What bees should I use?

This question is asked by most all new beekeepers and the answer is not quite black and white. To answer the root of the question, I recommend trying all varieties available and see what you like or works best in your area. I understand that is not an option for everyone so this article will try to explain it as easily as possible.

Italians: By far the most common bee is the Italian honey bee due to a calm disposition and strong honey production. These are a great beginner bee. Build up is fast and consistent throughout the Spring and Summer so you will have a large foraging force for nectar. Italians operate best during warmer and sunnier weather. If it is a cool and rainy Summer the honey harvest won’t be the best. If you would like to attempt wintering a hive I do not recommend these. They enter Winter with a large cluster resulting in increased comsumption of stores. It is not uncommon for them to starve by February, but if prepared with enough stores in Fall they can survive.

Italians are a popular beginner bee due to their calm temperment and generally strong honey production. 

Carniolans: A common Alaska bee. Honey production is better than Italians during a cool or rainy summer as these bees will still be foraging in less-than-ideal weather. Temperment is very similar to Italians. Spring build up is more dependent on nectar and pollen availability. What that means is the bees will need a pollen substitute and/or sugar water as a nectar substitute to start brood production if there is none or very little in nature. Some Springs this is noticable, othertimes it isn’t. Carniolans are a common bee to overwinter. They have a medium size cluster and are good with winter store consumption.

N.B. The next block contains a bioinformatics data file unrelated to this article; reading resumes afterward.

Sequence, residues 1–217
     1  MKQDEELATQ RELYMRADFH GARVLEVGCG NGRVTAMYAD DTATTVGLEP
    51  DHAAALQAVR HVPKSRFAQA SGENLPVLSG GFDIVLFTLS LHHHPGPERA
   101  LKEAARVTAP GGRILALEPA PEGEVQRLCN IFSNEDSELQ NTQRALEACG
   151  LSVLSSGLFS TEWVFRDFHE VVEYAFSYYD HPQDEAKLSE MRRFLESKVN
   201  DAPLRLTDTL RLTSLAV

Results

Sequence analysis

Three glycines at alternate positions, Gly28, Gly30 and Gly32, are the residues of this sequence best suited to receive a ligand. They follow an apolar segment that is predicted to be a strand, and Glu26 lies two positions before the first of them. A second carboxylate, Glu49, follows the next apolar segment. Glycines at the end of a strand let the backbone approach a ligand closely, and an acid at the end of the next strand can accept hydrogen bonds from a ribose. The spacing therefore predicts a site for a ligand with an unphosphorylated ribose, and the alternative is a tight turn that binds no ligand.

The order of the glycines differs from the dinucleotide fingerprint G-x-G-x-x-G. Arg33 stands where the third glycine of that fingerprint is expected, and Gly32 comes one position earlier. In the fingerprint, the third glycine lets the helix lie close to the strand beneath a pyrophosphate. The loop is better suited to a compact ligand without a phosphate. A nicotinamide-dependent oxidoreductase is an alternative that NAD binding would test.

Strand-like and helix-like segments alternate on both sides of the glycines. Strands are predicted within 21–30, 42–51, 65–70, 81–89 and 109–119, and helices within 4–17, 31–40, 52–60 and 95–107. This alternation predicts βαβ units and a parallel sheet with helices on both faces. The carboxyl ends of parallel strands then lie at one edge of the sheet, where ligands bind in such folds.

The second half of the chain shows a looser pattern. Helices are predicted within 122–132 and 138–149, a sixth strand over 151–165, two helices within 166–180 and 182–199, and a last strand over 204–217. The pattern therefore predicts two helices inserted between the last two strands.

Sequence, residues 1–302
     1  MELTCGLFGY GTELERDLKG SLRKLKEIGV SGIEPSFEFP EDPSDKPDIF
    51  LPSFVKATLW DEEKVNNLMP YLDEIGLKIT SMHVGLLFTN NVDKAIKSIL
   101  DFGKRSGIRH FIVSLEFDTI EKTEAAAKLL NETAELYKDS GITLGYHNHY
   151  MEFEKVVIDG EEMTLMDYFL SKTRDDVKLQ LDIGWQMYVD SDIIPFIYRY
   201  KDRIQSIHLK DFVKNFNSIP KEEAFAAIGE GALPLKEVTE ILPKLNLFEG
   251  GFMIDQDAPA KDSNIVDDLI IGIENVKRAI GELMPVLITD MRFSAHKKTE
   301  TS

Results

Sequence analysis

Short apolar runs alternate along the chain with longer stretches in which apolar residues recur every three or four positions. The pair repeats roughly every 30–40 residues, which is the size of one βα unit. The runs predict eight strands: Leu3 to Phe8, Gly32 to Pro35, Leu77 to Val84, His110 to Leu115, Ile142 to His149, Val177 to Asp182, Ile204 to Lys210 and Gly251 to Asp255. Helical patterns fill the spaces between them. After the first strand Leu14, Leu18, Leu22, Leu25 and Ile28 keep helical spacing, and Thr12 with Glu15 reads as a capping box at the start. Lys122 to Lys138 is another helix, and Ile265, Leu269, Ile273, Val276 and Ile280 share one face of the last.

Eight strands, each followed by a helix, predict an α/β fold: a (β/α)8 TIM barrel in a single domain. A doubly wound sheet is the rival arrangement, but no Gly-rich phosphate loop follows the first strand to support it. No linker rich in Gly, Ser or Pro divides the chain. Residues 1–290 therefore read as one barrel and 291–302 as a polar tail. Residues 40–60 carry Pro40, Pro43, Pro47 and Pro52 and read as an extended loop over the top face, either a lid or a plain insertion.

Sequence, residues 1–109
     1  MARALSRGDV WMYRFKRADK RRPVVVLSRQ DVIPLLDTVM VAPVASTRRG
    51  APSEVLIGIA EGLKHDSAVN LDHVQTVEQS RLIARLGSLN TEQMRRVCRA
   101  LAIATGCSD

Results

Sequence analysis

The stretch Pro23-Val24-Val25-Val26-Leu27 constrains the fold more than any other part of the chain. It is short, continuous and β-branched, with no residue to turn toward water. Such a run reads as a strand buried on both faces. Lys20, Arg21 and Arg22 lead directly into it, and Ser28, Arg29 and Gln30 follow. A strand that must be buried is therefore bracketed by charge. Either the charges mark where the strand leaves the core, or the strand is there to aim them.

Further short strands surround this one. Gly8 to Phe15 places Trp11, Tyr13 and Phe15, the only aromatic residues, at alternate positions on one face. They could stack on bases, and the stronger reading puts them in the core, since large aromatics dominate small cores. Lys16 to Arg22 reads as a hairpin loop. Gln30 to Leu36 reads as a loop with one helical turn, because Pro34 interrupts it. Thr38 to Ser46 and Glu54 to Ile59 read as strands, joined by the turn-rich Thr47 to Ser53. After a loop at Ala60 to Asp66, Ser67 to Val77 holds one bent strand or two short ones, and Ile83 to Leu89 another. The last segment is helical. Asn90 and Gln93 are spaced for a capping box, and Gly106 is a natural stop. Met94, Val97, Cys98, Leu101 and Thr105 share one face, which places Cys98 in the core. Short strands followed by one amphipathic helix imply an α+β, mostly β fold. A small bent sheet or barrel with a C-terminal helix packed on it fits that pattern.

Carniolans are a good and popular all-around Alaska bee due to their tolerance of and performance in milder weather.

Russians: Russians are less common in Alaska, but I feel are better suited than other breeds. The region they originated from is an almost identical climate to ours; similar winter length, spring conditions, and summer weather. Most people who use Russians do so for wintering, to create a winter-hardy stock, or for their high mite resistent property. Russians winter in a small cluster and are very frugal with reserves. A downside I have personally seen is an extra sensitivity to pollen dearths where the queen will shut down fast if no food is available. If not fixed in a timely matter you can end up with a reduced workforce later in the season resulting in a poor honey harvest. To remedy this issue, I recommend constant feeding of pollen sub and sugar water early in the season along with frequent (weekly) hive checks. Another complaint some have is a more aggressibe temperament. From personal experience, they are more defensive in hive checks. Smoke helps.

Russians are a more advanced and specialized bee due to their higher maintenance. But if you are interested in treatment-free beekeeping or creating a hardy stock I recommend these.

Ready to order some bees? Head on over to the store!

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